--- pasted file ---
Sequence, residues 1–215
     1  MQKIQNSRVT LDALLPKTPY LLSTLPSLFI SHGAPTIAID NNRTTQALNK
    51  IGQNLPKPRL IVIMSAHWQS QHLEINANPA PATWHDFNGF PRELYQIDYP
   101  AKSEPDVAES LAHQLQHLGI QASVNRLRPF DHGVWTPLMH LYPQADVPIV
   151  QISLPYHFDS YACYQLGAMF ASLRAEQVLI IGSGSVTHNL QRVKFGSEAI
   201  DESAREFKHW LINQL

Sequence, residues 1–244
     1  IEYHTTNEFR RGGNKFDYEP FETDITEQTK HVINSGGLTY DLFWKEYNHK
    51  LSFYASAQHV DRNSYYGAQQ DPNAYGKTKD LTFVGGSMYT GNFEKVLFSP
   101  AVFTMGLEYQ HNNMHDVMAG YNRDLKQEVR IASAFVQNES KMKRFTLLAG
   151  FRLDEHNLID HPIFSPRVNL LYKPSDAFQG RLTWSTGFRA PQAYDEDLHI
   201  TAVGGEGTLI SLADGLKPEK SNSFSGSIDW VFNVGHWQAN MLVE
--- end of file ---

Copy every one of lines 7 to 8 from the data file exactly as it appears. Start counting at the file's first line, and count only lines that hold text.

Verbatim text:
Sequence, residues 1–244
     1  IEYHTTNEFR RGGNKFDYEP FETDITEQTK HVINSGGLTY DLFWKEYNHK